First, like the rubes that we are, we drank hot sake. Then, we discovered that heating it was all just a ruse to mask cheap wine. So, we started ordering it cold. Eventually, we learned the differences between junmai-shu and ginjo-shu and experimented with milky unfiltered stuff in dark sake dens like Decibel. And recently, we discovered aged sake, a strange and largely unregulated substance that is barely recognizable from its young counterpart.
Akin to sherry, aged sake has an oxidized essence and ranges in color from a pale amontillado-like shade of hay to a deeper brown, like oloroso. We sampled a few different ones at Zenkichi, the labyrinthine Japanese brasserie in Williamsburg. The first, a Himezen Ichinokura Junmai, was clear and rather simply sweet. The second, a Hanahato Kijoshu aged 8 years, was more complex–amber in color and redolent of nuts, vanilla and bitter chocolate. The third, a hay-colored Katsuyama Genroku, was all dried fruit and spice, and was the most balanced, pairing best with the sweet homemade mochi we ordered.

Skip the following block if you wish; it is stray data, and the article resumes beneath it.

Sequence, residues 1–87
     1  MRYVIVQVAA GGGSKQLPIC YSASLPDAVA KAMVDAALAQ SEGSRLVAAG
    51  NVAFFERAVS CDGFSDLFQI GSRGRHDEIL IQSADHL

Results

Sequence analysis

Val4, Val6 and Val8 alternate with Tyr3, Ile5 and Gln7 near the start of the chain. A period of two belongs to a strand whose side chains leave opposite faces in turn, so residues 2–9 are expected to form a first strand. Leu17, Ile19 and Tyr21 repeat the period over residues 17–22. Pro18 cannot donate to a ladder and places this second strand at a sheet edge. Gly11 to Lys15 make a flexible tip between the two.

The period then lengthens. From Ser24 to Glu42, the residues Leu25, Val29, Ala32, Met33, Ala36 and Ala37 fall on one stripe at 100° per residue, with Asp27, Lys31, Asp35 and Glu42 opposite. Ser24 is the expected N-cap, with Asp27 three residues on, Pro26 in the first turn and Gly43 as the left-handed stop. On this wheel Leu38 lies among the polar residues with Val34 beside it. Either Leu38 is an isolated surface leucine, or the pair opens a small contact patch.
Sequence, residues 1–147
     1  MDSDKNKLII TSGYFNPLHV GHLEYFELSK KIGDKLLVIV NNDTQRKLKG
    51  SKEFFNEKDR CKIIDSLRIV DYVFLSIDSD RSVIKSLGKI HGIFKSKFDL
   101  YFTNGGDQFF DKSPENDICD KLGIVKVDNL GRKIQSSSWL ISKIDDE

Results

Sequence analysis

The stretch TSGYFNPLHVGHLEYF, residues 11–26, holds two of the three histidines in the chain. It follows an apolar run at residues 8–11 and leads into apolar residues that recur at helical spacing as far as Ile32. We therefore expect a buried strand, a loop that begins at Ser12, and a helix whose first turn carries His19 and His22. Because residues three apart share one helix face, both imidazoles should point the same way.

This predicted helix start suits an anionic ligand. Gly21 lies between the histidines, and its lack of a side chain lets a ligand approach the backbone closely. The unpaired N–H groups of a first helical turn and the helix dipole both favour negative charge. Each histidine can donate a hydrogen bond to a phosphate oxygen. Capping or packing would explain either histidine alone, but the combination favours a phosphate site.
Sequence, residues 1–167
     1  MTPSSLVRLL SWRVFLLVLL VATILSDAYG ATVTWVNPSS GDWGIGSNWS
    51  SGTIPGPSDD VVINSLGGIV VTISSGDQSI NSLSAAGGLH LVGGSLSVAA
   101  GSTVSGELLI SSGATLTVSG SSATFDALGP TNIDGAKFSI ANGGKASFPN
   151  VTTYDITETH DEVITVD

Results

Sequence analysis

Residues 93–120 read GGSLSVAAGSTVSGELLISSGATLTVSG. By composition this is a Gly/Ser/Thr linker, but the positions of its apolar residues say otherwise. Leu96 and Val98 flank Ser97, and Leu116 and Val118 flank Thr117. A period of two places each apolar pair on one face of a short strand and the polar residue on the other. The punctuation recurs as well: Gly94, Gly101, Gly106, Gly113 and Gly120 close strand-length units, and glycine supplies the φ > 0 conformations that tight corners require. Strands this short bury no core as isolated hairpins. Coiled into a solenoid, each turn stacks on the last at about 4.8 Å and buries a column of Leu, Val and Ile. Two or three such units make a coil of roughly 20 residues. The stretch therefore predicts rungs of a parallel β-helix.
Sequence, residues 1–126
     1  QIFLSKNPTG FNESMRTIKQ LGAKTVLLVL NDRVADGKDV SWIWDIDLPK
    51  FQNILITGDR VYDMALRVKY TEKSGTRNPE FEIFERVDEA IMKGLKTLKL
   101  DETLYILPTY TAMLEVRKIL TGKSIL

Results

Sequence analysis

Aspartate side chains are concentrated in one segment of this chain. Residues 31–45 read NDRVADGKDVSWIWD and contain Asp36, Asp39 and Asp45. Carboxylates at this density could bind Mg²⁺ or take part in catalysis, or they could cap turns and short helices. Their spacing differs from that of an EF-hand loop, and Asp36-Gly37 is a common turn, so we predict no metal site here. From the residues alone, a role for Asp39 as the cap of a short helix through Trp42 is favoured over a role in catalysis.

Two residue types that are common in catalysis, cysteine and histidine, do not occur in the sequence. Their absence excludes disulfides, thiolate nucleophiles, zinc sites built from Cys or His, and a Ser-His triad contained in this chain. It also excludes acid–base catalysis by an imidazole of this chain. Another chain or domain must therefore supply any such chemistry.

Zenkichi, which is currently celebrating cherry blossom season with a traditional omakase menu featuring the aromatic, tart flowers, has plans to open a Manhattan location next year. Kanpai to that.